Researchers prove that the origin of MRSA was long before methicillin was discovered

Staphylococcus aureus is a common bacteria (a type of germ) in the nose and on the skin of people and animals.
MRSA, which is a short form of “methicillin-resistant Staphylococcus aureus,” is a specific “staph” bacteria. MRSA is often resistant to (is not killed by) several types of antibiotic treatments. Most S. aureus is methicillin-susceptible (killed by methicillin and most other common treatments). One out of every three people (33%) is estimated to carry staph in their nose, usually without any illness. About two in 100 (2%) carry MRSA

Now researchers have found out that staph is not the original driving factor in the evolution of methicillin-resistant Staphylococcus aureus (MRSA) as previously thought. Still, rather it was the widespread use of antibiotics such as penicillin before the introduction of methicillin.

The adaptations happen because, in response to exposure to earlier antibiotics, resistant bacterial strains are selected instead of non-resistant ones as bacteria evolve.

Staphylococcus aureus acquired the mecA gene, which confers methicillin resistance by producing a protein called penicillin-binding protein 2a (PBP2a)  as early as the mid-1940s, about 14 years before the first use of methicillin.

The introduction of penicillin in the 1940s led to the selection of Staphylococcus aureus strains that carried this gene.

When Methicillin was introduced to avoid the penicillin resistance, strains of Staphylococcus aureus were found that were already resistant to methicillin. And in the years that followed, resistance spread rapidly. Now, after coming a long way, we can see multiple MRSA lineages that have emerged and acquired different variants of the resistance gene.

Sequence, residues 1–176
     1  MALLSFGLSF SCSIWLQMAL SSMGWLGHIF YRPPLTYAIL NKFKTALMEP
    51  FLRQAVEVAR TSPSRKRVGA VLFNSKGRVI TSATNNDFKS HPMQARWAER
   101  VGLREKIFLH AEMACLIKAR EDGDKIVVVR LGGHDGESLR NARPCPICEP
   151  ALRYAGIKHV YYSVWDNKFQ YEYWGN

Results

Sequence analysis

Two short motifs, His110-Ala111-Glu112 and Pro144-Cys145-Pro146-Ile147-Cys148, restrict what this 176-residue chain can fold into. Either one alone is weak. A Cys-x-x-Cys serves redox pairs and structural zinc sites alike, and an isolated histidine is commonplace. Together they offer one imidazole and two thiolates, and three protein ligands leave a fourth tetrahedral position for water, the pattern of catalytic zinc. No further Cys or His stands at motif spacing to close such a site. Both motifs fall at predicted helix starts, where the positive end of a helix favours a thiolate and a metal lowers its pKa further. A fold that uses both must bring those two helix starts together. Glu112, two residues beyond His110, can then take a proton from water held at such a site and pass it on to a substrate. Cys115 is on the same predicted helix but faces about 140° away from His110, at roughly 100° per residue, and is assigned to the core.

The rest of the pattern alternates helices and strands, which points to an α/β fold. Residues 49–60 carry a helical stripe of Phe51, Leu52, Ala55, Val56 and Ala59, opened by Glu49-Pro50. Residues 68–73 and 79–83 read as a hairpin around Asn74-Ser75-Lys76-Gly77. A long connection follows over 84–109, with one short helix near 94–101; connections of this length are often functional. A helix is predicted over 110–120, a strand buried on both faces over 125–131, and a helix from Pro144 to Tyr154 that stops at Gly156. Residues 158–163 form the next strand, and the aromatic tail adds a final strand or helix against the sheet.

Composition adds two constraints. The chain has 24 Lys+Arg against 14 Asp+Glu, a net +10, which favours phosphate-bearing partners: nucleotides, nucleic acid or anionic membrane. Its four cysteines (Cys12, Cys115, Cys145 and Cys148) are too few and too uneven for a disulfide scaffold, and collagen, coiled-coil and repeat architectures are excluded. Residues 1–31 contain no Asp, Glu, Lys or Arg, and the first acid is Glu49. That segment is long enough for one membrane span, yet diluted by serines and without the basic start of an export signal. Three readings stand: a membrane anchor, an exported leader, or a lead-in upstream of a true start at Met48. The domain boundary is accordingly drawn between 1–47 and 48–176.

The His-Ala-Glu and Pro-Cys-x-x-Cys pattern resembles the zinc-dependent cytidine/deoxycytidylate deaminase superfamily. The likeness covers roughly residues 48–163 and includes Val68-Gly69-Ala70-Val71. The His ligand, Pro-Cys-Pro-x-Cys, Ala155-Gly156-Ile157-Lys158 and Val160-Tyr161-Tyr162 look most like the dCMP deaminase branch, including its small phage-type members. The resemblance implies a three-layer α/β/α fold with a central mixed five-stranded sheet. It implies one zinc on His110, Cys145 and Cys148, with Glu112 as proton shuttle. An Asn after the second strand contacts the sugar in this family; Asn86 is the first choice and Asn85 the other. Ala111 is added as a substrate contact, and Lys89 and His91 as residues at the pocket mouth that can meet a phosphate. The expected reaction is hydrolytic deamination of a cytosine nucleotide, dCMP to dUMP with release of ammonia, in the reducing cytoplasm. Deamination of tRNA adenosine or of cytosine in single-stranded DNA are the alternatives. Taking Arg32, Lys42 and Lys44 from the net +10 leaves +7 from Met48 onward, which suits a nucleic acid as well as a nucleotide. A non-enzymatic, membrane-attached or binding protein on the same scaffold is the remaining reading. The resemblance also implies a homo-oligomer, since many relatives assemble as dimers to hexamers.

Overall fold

To uncover the origins of the very first MRSA and to trace its evolutionary history, the research team sequenced the genomes of a unique collection of 209 of the earliest MRSA isolates recovered in Europe between 1960 and 1989.

They also found genes in these isolates that confer resistance to numerous other antibiotics, as well as genes associated with decreased susceptibility to disinfectants.

Staphylococcus aureus has proven to develop resistance in the face of new antibiotic challenges, rendering many antibiotics ineffective. This is one of the many challenges in tackling the growing problem of antimicrobial resistance.

To ensure that future antibiotics retain their effectiveness for as long as possible, effective surveillance mechanisms are combined with the use of genome sequencing to scan for the emergence and spread of resistance.

Sharing is caring!